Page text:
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Gold Rush in China

9 April 2011
After the restriction to own gold was lifted in 2004, Chinese citizens are now free to buy gold items for occasions, particularly at New Year. However, Chinese media reported buyers were still buying gold well after Chinese New Year day (Feb 3 in 2011). Every morning, queues of buyers had mushroomed at the doors of gold shops. This rush had made the shelves of most shops became bare, and some banks that sell gold bars or coins were also running low of inventories (ref:

Some of the money could come from the hot real estate market that is under the clampdown by Beijing, but some definitely from the demand of the middleclass who worries about the inflation. Now, the continuing unrest in the Middle East and North Africa fuels the jittery of the Chinese market. In March 24, CNTV reported a short supply of raw gold as gold retailers and producers were rushing to buy larger than usual quantity of raw gold. According to the Shanghai Gold Trade Platform, the trade had growth by 30 percent, 27 thousand tons of delivered raw gold but well below the demand of 50 thousand tons.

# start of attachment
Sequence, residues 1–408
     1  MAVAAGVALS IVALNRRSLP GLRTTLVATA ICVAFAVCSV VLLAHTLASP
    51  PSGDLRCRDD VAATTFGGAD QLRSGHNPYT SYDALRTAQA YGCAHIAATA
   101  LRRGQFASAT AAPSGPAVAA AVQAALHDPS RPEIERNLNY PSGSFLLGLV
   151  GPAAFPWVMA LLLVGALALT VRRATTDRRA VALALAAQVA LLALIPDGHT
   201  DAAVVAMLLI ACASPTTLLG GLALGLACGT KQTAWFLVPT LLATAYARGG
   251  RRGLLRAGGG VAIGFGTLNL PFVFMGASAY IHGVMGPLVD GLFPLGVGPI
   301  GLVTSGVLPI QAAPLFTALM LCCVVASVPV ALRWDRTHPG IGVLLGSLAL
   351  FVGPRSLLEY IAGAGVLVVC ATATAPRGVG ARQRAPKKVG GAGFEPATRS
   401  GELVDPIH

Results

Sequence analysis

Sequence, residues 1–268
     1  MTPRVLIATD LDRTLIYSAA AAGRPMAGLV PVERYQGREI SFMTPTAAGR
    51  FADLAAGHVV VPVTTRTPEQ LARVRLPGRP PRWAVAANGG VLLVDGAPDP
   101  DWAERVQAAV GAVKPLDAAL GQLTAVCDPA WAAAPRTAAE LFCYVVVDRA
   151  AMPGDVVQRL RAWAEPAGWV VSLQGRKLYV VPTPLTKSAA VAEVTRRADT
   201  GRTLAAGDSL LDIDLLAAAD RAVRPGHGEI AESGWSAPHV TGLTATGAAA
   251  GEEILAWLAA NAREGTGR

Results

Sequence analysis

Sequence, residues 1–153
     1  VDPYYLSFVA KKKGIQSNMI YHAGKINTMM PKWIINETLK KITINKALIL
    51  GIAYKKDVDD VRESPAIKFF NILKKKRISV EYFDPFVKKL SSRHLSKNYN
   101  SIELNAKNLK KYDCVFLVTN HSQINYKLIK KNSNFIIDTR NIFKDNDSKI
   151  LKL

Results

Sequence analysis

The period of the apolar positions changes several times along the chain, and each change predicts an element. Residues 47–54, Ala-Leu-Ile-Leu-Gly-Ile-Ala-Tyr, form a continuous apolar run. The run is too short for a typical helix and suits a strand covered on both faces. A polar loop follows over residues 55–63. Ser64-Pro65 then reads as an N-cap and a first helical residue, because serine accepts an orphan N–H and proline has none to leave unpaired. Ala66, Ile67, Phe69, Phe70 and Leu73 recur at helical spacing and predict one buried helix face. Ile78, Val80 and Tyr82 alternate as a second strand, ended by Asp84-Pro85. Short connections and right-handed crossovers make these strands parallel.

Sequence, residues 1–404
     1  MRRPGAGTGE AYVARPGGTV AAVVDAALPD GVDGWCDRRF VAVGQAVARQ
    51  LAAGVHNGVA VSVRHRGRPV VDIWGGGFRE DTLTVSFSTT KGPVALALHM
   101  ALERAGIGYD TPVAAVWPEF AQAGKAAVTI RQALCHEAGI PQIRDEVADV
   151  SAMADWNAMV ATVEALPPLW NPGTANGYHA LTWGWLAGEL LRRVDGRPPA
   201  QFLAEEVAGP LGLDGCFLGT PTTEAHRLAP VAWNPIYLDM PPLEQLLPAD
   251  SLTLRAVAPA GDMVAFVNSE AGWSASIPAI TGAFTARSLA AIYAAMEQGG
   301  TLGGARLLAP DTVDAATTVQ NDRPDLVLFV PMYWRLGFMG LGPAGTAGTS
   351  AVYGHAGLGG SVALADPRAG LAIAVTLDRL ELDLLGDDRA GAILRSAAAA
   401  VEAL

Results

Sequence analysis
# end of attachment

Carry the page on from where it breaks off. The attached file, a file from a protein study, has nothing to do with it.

The World Council of Gold China imported about 580 metric tonnes in 2010 and 200 tonnes for the first 2 months of 2011. Also the demands have been increasing from India, Russia, Hong Kong and some other countries such as Turkey. Furthermore, for the first time in 21 years, the central banks have reversed their trade trend to be a net gold buyer in 2010.

In April, the gold price has now risen above US$1469 and the strong demand from world market should be continued at least in the short term. The World Council Gold and the international bankers forecast the gold price might rise to US$1,500 an ounce (and maybe $2,000) in 2011.

Probably because of the continuing weakness of US$, concerns about inflation, deficits and debts in developed nations, armed conflicts, and political instabilities,
gold price steadily rose above US$1,500 on April 20 and opened at $1,508 on April 22.
Prices: 1,438CAD, 1,404AUD, 1,035EUR, 11,722HKD (22/4/2011, 05:30).

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